On February 24, 2004, Reid met with chief financial officer Reyes, who told him no positions were open in Reyes's department. Reid then met with Brown, who stated no positions were available for him in her department. According to Reid, Brown commented that he was not a "cultural fit" at Google. On February 27, Reid left Google with a two-month severance package.

On July 20, 2004, Reid sued Google. The complaint alleged 12 causes of action, including claims for age discrimination under the California Fair Employment and Housing Act (FEHA) (Gov. Code, § 12900 et seq.) and California's unfair competition law (UCL) (Bus. & Prof. Code, § 17200 et seq.); wrongful termination in violation of public policy; failure to prevent discrimination; and both negligent and intentional infliction of emotional distress. Reid sought injunctive relief, disgorgement of profits, restitution of lost stock options, and attorney fees and costs.

Google demurred and brought motions to strike as to various causes of action, which were granted in part. Google then filed a motion for summary judgment as to Reid's remaining causes of action (those specified above), based on claims of age discrimination by Google. Although Google filed written objections to evidence Reid submitted, the trial court did not rule specifically on those objections. Instead, it stated it was relying only "on competent and admissible evidence."

The trial court granted the summary judgment motion. It found that Google's evidence, while "not sufficient to prove that Plaintiff cannot establish a prima facie case of age discrimination," "is sufficient to prove that [Google] had legitimate nondiscriminatory reasons for . . . terminating [plaintiff's] employment in February 2004."*fn2 The court further found that Reid's evidence was "not sufficient to raise a permissible inference that in fact, [Google] considered Plaintiff's age as a motivating factor in . . . terminating his employment." The trial court noted that, because Reid had failed to raise a triable issue of material fact as to whether Google's reasons were pretextual, his age discrimination claims should be dismissed. (§ 437c, subd. (c) ["motion for summary judgment shall be granted if all the papers submitted show that there is no triable issue as to any material fact and that the moving party is entitled to a judgment as a matter of law"].)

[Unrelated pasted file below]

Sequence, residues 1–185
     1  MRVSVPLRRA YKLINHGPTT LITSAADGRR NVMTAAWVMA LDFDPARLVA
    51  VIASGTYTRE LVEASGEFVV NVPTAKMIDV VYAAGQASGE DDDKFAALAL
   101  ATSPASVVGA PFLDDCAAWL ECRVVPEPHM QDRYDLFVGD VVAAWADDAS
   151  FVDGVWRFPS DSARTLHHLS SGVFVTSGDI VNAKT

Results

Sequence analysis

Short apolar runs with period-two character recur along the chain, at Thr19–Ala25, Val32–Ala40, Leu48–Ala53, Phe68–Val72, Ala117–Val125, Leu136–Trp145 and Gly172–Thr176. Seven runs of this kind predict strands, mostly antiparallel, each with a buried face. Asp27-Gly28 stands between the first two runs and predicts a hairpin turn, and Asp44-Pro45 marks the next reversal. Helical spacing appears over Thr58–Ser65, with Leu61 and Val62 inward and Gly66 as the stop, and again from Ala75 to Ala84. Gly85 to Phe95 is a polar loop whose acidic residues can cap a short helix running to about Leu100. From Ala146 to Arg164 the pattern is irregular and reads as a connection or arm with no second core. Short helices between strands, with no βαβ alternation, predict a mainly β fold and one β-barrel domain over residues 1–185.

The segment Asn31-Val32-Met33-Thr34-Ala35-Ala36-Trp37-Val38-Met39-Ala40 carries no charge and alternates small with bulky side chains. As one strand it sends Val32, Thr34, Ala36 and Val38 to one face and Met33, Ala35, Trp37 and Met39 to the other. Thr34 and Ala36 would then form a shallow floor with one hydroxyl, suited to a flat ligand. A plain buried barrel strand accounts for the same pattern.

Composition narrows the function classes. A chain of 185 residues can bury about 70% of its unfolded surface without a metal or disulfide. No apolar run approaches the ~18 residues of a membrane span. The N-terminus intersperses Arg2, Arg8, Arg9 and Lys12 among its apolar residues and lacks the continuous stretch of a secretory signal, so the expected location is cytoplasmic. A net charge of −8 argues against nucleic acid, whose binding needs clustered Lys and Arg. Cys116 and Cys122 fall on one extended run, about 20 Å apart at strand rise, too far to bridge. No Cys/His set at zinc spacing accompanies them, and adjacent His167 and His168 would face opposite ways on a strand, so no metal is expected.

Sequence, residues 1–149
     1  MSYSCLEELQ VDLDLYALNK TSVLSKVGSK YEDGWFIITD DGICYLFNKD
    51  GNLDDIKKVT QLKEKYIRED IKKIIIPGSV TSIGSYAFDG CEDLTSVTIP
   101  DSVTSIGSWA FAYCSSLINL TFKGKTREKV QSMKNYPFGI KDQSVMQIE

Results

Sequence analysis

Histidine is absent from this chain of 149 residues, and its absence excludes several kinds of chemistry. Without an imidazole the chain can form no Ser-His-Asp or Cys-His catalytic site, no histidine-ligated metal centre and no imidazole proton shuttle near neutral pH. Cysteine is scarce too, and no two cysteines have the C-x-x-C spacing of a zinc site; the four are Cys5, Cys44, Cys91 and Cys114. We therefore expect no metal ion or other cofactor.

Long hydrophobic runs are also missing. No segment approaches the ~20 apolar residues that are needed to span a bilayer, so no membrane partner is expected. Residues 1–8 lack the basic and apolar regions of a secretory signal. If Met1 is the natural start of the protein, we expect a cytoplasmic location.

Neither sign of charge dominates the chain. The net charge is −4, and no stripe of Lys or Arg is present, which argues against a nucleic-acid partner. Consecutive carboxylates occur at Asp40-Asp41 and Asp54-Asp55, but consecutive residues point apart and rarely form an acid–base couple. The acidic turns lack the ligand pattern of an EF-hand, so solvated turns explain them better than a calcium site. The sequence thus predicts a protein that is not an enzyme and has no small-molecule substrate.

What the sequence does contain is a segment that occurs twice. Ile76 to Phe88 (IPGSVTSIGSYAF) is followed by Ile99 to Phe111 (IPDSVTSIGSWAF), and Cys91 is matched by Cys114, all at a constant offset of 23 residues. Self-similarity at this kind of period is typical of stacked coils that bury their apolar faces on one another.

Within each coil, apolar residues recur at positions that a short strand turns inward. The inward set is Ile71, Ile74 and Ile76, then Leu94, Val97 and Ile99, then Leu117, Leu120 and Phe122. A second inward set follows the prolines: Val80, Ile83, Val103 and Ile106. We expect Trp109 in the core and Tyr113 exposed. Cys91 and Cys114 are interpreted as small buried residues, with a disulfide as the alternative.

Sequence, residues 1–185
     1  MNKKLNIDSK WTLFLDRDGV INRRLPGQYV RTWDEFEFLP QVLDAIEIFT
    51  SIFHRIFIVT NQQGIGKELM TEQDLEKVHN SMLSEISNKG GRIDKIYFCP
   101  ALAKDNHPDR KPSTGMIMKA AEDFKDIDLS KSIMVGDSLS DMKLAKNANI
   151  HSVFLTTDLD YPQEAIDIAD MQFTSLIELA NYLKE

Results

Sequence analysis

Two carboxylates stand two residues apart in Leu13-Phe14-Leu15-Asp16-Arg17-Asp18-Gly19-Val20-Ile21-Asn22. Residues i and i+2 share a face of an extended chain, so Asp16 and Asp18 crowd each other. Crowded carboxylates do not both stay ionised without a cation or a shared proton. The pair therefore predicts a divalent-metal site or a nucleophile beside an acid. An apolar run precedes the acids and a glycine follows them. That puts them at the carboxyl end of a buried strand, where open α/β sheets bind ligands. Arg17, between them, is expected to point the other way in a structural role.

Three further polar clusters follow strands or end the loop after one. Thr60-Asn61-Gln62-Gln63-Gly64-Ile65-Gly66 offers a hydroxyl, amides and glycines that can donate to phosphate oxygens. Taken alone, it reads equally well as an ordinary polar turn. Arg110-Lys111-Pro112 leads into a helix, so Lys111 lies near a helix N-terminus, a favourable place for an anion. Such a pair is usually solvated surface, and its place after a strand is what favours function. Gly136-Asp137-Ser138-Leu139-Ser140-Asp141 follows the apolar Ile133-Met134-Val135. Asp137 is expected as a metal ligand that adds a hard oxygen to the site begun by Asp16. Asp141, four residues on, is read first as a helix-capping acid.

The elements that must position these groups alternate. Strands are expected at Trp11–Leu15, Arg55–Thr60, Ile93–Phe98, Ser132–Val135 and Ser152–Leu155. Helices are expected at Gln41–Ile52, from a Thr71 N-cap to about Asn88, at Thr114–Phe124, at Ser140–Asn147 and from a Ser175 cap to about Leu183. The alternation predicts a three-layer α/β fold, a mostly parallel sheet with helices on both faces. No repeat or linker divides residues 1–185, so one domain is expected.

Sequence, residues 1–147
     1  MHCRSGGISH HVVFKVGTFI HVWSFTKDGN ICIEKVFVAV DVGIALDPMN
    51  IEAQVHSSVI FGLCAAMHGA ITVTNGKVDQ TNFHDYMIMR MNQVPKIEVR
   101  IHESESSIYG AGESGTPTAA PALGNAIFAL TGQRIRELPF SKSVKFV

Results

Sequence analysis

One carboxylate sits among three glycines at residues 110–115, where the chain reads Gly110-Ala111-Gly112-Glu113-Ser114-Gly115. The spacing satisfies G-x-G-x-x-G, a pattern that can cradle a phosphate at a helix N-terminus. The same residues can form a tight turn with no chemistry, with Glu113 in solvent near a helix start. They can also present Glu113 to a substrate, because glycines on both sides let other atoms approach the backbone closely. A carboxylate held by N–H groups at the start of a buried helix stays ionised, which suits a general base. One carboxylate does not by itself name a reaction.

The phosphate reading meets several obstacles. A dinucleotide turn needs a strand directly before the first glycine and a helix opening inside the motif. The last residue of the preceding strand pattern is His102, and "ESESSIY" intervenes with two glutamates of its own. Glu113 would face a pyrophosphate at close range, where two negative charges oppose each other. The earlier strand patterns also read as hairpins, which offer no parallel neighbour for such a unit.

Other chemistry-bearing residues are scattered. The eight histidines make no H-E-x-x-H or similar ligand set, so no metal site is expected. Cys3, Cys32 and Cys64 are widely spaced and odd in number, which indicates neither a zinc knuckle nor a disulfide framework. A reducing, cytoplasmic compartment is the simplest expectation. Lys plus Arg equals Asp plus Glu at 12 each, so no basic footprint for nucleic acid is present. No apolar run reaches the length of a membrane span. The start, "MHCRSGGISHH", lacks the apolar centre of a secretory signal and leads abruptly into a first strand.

As relevant here, the Court of Appeal, in a published opinion, reversed the trial court's granting of Google's summary judgment motion relating to Reid's causes of action for age discrimination under FEHA and the UCL, wrongful termination, failure to prevent discrimination, and both negligent and intentional infliction of emotional distress. The Court of Appeal found that undisputed evidence supported both a prima facie case of age discrimination and a legitimate, nondiscriminatory reason for Reid's termination, i.e., the elimination of the Graduate Degree Program.

However, on the issue of whether the stated reason for termination was pretextual, the Court of Appeal held that evidence Reid had presented raised a triable issue of material fact. Reid offered statistical evidence of discrimination at Google, discriminatory comments that co-workers and decision makers made, and evidence that Google demoted Reid to a nonviable position before terminating him and advanced changing rationales for his termination. Although Google filed written objections to Reid's evidence and raised its objections at the hearing, the trial court did not expressly rule on them. The Court of Appeal held that the trial court's failure to rule on the objections did not waive them on appeal. The Court of Appeal considered and rejected Google's challenges to the methodology Reid's statistical expert used and Google's argument that alleged ageist comments by Google decision makers and Reid's co-workers were stray remarks and therefore insufficient proof of pretext. The court explained that judgments regarding such discriminatory comments "must be made on a case-by-case basis in light of the entire record." The court concluded that, because Reid's evidence and inferences of discrimination raised a triable issue of fact as to the existence of pretext, the trial court erred in granting the summary judgment motion.